The new version of the JCP program will also include additional documentation and tools to make it easier for developers to participate as spec leads, which many perceive as a "black art," Williams said. And each JSR will now have its own community Web page designed to enable the spec leads to provide drafts of the specifications, as well as updates to the schedule and lists of open issues.

Work began on JCP 2.6 in April 2003 and was actually completed last November. The process of updating the Web site was finally completed last week. All JSRs that had been operating under JCP 2.5 will automatically migrate to 2.6, Williams said.

The Java Community Process has evolved considerably since it was first launched just over five years ago, observed Gartner analyst Mark Driver. He sees JCP 2.6 as an incremental step in that evolution, something of a refinement of the big changes that came with JCP 2.5. But JCP 2.6 does take a significant step by opening both review periods to public scrutiny, he noted.

"The process has been criticized for keeping the work a little too closed," Driver said. "It was very difficult to get a glimpse of the work in progress unless you were part of the working group. The rest of us couldn't log in and look at how some half-baked JSR was coming along. JCP 2.6 opens up the process and allows more community feedback. This is much more like the open-source process than the vendor consortium process we saw in the past."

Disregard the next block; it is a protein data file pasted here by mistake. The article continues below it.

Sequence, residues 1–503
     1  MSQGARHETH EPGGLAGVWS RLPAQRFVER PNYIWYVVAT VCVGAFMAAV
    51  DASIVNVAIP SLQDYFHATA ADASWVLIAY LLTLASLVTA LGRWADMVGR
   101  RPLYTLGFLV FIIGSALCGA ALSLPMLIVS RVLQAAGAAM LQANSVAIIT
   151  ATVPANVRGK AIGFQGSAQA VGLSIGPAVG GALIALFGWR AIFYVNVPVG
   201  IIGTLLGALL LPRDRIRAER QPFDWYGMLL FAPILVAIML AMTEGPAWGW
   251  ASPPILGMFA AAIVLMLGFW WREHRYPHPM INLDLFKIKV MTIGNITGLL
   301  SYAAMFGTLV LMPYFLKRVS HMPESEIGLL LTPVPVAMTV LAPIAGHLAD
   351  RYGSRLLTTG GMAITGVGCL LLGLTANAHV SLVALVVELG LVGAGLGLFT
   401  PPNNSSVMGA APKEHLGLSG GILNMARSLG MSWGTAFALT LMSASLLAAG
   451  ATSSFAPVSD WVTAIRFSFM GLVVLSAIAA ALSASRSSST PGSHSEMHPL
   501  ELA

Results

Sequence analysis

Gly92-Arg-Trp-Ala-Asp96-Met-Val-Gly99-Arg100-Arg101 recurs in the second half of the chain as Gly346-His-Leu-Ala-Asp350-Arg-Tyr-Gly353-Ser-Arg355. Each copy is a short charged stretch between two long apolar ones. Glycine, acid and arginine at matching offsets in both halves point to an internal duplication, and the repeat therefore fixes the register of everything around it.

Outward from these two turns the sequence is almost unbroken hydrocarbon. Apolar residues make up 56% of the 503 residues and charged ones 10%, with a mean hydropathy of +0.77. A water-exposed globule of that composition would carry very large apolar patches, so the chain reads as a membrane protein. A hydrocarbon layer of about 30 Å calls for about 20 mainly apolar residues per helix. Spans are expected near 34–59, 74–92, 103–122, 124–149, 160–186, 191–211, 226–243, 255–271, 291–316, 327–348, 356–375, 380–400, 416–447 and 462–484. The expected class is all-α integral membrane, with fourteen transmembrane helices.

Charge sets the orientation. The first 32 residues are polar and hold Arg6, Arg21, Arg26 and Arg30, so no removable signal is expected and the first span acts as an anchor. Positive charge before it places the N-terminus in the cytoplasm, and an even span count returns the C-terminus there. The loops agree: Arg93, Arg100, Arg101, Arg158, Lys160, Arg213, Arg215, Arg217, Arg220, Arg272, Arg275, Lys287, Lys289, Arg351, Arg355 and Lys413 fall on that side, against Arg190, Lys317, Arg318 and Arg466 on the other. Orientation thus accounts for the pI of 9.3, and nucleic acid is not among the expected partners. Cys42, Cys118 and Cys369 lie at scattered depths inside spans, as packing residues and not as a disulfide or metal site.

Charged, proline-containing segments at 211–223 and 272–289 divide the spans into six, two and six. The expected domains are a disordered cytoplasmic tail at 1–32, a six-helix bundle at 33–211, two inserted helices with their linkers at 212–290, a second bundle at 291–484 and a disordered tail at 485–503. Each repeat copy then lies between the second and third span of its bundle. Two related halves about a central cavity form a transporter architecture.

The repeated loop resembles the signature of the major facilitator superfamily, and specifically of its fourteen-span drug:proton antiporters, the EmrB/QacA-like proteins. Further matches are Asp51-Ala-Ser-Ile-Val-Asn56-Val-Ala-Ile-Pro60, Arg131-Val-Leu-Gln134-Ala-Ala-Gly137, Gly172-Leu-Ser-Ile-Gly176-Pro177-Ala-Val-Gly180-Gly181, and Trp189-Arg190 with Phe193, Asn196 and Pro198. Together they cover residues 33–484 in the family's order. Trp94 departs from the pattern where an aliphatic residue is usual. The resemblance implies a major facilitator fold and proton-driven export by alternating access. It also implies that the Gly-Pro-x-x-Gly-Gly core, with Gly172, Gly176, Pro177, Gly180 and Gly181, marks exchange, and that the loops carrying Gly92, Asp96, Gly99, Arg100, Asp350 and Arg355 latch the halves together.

Forrester Research analyst Mike Gilpin agrees that JCP 2.6 is an incremental refinement, but an important one. By opening the process to the scrutiny of developers who are outside the inner circle, JCP 2.6 brings what Gilpin calls the more desirable qualities of the open-source approach to the program.

"Open source tends to open up a project to scrutiny earlier in the process," he said. "JCP 2.6 is trying to balance the need to move the technology forward with the need to get broad participation by all of the stakeholders and making sure that all of their interests are protected."

Not addressed in JCP 2.6, Gilpin said, is the "unwieldiness" of the overall behavior of the Java community, especially where J2EE is concerned. "There are so many different JSRs that it's hard to know which basket of technology development initiatives is relevant to a particular future roadmap for application platform technology," he said. "There's no collective view."

Nevertheless, the JCP receives high marks from Forrester for its sheer effectiveness. "We see the JCP as one of the most effective standards bodies around," Gilpin said. "It doesn't have the same industry-independent status that an organization like the W3C has, but from a customer-centered perspective, it delivers the goods."

About the Author

John K. Waters is a freelance writer based in Silicon Valley. He can be reached at john@watersworks.com.

Featured

Upcoming Events

AppTrends

Sign up for our newsletter.

I agree to this site's Privacy Policy.